Chevron’s biofuels plan wound up in the cross-hairs of cost analysts in 2009 when they determined it would be a better bet to buy renewable fuel credits rather than keep trying to make the product, according to Bryan and two other former employees who asked not to be identified because they were discussing confidential company information. Credits, purchased from the government or producers who exceed low-carbon obligations, allow non-reducers to abide by clean fuel regulations.
After the cost analysts’ report, the Catchlight budget was stripped of money for plants, said Hunter, the former chief technologist who said he retired in 2009 because he was unhappy with the joint-venture’s direction. Chevron “no longer wanted to be a leader in biofuels,” he said.
In April 2010, Chevron and Weyerhaeuser told Catchlight to ratchet back, according to an internal business plan that set the 2013 budget at $8.9 million -- 98 percent lower than previously envisioned.
The Catchlight board said in the plan there was “no urgency” to commercialize and that, “in the absence of mandates,” the first plant “should be driven by financial returns.” The return on the investment would have to “meet or exceed” 20 percent, according to the plan.
That shocked scientists who were confident they’d come up with a process that would work, called solvent liquefaction, according to Jim Stevens, a chemist who researched technologies for 29 years at Chevron before being laid off in December 2010.
They’d constructed a contraption the size of a Winnebago that used a chemical solvent to turn woody biomass into fuel. It began producing in February 2010. “This was a real technical winner,” Stevens said.
Catchlight roughed out the numbers for a $504 million solvent liquefaction plant producing 92 million gallons a year at a cost of $2.18 a gallon, according to a 2010 internal report that laid out the technical and economic prospects for producing biofuels on a commercial scale. Making gasoline costs between $2 a gallon and $2.75 a gallon when oil prices are $70 a barrel to $100 a barrel, according to another Catchlight document.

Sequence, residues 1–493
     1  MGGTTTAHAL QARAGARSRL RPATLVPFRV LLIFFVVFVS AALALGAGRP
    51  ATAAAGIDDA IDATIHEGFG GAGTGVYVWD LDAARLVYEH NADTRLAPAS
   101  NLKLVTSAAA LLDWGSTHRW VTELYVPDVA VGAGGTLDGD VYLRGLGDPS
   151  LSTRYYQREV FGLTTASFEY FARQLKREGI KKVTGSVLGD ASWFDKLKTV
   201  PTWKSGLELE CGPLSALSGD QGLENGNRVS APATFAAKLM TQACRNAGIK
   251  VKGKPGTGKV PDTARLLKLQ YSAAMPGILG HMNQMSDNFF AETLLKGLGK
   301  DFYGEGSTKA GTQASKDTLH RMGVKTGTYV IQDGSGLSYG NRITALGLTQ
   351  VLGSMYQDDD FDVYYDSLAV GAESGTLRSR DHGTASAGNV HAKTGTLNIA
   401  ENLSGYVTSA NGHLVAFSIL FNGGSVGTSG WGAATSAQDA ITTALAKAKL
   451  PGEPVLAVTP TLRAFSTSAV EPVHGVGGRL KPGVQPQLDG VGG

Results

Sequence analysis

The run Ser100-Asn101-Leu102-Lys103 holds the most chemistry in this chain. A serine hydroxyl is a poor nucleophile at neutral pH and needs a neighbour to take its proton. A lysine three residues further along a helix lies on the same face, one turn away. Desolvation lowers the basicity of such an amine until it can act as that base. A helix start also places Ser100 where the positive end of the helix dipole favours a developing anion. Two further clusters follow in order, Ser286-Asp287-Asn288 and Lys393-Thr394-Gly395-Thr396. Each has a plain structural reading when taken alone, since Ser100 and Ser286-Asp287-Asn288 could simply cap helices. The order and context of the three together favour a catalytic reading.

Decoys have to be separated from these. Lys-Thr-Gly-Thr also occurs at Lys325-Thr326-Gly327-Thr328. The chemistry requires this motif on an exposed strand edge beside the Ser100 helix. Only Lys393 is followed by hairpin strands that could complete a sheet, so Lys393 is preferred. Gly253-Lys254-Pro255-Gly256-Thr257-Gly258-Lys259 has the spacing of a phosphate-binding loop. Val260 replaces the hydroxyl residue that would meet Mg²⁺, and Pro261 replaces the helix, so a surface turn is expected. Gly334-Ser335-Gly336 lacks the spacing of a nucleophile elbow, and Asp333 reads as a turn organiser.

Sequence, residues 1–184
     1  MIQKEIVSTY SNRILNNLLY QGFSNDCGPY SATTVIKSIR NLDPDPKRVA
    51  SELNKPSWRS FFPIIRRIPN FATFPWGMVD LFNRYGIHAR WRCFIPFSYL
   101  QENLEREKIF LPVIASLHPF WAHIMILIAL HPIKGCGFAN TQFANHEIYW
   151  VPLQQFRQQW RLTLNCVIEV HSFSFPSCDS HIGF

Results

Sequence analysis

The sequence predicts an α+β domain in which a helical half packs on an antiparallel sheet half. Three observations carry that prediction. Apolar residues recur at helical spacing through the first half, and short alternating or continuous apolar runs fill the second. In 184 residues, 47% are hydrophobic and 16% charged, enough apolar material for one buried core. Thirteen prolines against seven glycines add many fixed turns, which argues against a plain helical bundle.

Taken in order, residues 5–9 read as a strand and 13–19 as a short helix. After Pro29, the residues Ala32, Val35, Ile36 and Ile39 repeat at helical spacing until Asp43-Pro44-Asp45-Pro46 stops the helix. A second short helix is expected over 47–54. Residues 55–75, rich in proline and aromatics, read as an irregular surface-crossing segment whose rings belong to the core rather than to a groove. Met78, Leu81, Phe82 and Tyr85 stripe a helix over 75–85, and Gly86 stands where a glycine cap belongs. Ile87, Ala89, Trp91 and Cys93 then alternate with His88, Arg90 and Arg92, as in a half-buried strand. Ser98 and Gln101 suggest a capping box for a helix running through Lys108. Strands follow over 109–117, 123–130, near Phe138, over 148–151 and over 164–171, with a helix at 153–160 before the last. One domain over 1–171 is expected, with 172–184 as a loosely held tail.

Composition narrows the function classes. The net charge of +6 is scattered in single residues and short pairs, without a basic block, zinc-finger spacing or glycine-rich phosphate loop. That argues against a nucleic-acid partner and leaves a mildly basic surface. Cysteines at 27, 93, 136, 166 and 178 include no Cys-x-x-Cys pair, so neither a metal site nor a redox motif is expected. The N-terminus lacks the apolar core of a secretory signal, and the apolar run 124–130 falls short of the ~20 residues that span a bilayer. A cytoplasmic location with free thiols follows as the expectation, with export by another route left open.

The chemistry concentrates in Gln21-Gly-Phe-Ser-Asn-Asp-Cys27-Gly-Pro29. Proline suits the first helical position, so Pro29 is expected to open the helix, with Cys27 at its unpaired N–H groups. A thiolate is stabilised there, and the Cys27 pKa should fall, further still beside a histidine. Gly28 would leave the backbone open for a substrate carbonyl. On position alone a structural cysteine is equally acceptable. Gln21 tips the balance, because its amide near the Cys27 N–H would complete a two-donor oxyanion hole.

The joint venture never performed final tests on the biofuels process, Stevens said. “They just quit trying.”
Chevron hasn’t stopped working on developing biofuels products, according to Crinklaw, the company spokesman.
Taxpayers will help pay for future solvent liquefaction research. It will be conducted at Iowa State University with a $3.5 million federal grant covering 80 percent of the costs, and Catchlight the rest.
Catchlight is also supplying wood chips to Pasadena, Texas- based KiOR Inc., a biofuels producer that announced its first shipment of cellulosic diesel in March. Chevron has a contract to purchase some of KiOR’s renewable fuels. Weyerhaeuser is happy with the joint venture’s status, said David Godwin, vice president of minerals and energy products.
In October 2010, six months after Chevron and Weyerhaeuser put the brakes on at Catchlight, Chevron ran television and print ads about its work on non-petroleum fuels. “Something’s got to be done. So we’re doing it,” the ads said. “We’re not just behind renewables. We’re tackling the challenges of making them affordable and reliable on a large scale.”
Chevron officials didn’t respond to questions about the advertising campaign.
“We remain interested in the solvent liquefaction technology but, like other biofuels production technologies, it is early in its development, and we’re still learning about it,” Crinklaw said in an e-mailed statement. “Unfortunately, the technology hasn’t advanced as quickly as we hoped.”
To contact the editor responsible for this story: Gary Putka at email@example.com